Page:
Wednesday, November 20, 2013

Learning | Nonplussed

My friend, Holly, posted on her Facebook status recently, asking her friends to list their least favorite words, and why. Apparently, she had read an article on a similar topic recently, and somebody said they couldn't stand to hear the word "moist."  

Mocha Caramel Pound Cake.
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Holly and I both think that's funny; we like the word moist. For many of us, it conjures up the thought of delicious, moist cake--because there was a certain brand of cake mix that claimed cakes turned out moister, if one used their mix.

It's easier for me to think of words I like, than those I don't, but I did think of one: nonplussed. I don't encounter it too often, but when I do, it's when I'm reading a book. I never hear people say it.  

Truthfully, one reason I dislike the word is because I have had trouble remembering what it's supposed to mean. The word nonplussed  seems to be used to describe a person's reaction to something they don't like. I had some vague idea it might be related to being angry or confused.

I looked it up on the Oxford Dictionary Online, before I posted the word in a comment under Holly's status.  Here's what the ODO says about it:
  • 1(of a person) surprised and confused so much that they are unsure how to react:he would be completely nonplussed and embarrassed at the idea
  • 2North American informal (of a person) not disconcerted; unperturbed.

Well! No wonder I was confused. Those two meanings seem to oppose each other.  I must be reading it in different contexts, so that it means different things.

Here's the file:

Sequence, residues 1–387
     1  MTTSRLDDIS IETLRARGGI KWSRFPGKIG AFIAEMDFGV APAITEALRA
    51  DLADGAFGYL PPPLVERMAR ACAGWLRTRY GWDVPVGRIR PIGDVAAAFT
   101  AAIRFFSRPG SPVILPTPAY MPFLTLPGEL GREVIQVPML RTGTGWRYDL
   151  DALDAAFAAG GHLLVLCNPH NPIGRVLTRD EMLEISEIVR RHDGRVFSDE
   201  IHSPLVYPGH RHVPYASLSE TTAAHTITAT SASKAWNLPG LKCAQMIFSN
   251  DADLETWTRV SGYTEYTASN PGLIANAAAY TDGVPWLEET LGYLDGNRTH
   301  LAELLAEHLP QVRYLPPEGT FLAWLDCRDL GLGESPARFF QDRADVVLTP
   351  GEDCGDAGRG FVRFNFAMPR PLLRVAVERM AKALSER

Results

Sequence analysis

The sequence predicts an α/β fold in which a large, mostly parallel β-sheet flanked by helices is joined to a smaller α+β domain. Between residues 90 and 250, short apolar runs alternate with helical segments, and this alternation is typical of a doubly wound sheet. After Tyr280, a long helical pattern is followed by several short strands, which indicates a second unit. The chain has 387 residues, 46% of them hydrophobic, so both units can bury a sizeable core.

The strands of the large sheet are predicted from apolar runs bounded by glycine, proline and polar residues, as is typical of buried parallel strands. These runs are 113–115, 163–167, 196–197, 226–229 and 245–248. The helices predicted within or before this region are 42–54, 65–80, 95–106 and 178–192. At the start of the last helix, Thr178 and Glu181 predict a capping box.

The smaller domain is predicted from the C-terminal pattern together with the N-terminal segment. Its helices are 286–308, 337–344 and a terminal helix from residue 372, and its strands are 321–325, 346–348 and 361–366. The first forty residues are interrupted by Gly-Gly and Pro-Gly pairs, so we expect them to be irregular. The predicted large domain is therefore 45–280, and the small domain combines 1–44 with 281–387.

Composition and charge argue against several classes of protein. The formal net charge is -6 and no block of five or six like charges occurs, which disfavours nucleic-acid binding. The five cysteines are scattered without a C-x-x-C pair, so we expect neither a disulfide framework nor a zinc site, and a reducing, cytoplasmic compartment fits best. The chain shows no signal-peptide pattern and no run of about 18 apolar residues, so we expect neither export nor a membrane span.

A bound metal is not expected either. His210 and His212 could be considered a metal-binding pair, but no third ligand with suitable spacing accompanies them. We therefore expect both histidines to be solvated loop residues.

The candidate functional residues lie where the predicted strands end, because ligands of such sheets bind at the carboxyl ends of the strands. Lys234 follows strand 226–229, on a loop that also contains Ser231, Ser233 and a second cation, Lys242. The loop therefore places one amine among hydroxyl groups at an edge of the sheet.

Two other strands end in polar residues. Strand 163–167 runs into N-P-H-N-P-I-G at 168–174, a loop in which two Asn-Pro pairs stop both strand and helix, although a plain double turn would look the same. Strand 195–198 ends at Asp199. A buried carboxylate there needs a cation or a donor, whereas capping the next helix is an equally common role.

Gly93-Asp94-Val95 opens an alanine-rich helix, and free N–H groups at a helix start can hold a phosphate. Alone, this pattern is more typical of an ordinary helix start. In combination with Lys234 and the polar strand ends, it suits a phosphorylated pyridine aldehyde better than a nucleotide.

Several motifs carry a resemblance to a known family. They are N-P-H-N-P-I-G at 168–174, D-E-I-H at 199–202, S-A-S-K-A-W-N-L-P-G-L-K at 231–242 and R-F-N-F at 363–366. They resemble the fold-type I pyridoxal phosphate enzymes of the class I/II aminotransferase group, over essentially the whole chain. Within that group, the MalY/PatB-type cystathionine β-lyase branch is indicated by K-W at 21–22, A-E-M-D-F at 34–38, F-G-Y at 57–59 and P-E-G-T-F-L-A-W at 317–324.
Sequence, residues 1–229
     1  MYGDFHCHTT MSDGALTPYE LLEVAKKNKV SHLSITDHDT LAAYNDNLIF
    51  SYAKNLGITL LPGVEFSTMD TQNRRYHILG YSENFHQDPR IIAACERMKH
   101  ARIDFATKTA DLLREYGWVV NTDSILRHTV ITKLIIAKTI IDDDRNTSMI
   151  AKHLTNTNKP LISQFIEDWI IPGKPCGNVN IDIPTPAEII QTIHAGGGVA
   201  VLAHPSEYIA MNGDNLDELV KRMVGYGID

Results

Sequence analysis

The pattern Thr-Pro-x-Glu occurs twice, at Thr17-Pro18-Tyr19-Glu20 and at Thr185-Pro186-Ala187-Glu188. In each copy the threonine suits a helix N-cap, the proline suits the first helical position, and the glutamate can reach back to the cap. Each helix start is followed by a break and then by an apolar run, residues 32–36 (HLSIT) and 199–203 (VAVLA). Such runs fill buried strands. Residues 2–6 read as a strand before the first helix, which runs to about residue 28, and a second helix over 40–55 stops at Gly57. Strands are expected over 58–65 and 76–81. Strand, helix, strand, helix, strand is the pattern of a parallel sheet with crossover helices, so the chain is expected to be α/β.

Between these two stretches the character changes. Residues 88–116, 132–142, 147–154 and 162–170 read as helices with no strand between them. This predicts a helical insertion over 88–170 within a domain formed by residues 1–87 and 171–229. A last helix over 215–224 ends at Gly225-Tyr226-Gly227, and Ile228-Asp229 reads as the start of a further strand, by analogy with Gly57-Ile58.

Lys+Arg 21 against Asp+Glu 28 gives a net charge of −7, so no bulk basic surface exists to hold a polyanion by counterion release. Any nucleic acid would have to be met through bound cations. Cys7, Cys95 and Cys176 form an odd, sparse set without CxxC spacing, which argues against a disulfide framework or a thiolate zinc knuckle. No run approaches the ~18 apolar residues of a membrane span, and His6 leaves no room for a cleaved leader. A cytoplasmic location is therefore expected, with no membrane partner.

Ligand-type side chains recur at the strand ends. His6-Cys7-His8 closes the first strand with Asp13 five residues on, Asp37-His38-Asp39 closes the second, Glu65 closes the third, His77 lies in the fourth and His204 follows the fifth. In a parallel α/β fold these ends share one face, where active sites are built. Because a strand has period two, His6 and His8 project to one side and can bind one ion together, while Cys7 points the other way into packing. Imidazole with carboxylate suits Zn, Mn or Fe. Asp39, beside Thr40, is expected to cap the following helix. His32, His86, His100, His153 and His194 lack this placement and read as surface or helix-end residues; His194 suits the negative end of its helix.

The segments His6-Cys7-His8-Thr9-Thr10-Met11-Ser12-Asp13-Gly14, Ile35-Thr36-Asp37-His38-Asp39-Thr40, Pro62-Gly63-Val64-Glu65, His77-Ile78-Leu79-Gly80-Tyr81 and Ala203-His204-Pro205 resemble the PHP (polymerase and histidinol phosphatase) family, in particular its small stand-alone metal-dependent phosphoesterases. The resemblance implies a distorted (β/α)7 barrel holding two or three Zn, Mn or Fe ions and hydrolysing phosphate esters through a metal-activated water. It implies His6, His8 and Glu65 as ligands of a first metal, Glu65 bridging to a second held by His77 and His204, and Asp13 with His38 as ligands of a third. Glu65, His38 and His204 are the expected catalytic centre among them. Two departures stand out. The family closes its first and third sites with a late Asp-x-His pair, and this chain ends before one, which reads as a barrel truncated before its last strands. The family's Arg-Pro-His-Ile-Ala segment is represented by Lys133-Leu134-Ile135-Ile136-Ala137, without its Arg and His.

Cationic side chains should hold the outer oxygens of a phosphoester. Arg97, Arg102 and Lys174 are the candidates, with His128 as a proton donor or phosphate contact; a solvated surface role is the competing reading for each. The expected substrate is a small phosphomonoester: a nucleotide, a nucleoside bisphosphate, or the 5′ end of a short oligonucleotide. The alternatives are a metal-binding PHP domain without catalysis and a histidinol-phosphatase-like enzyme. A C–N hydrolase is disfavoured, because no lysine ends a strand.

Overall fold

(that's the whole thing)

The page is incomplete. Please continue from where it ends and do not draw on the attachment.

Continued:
The other reason I dislike the word is because it doesn't sound like what it means. The morpheme "plus" made me think of arithmetic--which, come to think of it, was not my favorite subject in school.  I read about the etymology of nonplus; it comes from Latin, meaning "no more." That actually  makes sense, if we consider it as meaning no more can or should be said, it especially sounds like the first meaning listed in the ODO. 

I suppose you might say that the ODO helped me to overcome my dislike of nonplussed. After reading so much about the term, I think I will not be nonplussed when I come across the word in a book.

If you want to read a children's book that revels in the enjoyment of words, consider requesting James Thurber's The Wonderful O through Link+. 

It's about the island of Ooroo, where the letter O is banished.  As one would expect, this causes great difficulties in communication.  

For instance, schoolchildren are supposed to be learning the following at school: "Mist is always moist, but what is moist isn't always mist." Because of the ban on the letter O, that becomes "Mist is always mist, but what is mist isn't always mist."


  1. When I was in high school a friend and I had a whole list of what we called "pleasant words." Pleasant was not a compliment in this case. "Pleasant words" are words we considered kind of wishy-washy. Moist was on that list.

  2. I'm with you on the word nonplussed. I'd much rather be unimpressed. And, I dislike being so confused about things that I don't know how to respond so much that I'd rather admit it directly with a heartfelt "I'm so confused!" I mean, so what if that's 3 words instead of one! I've never been afraid of using plenty of words to get my point across anyway. :-)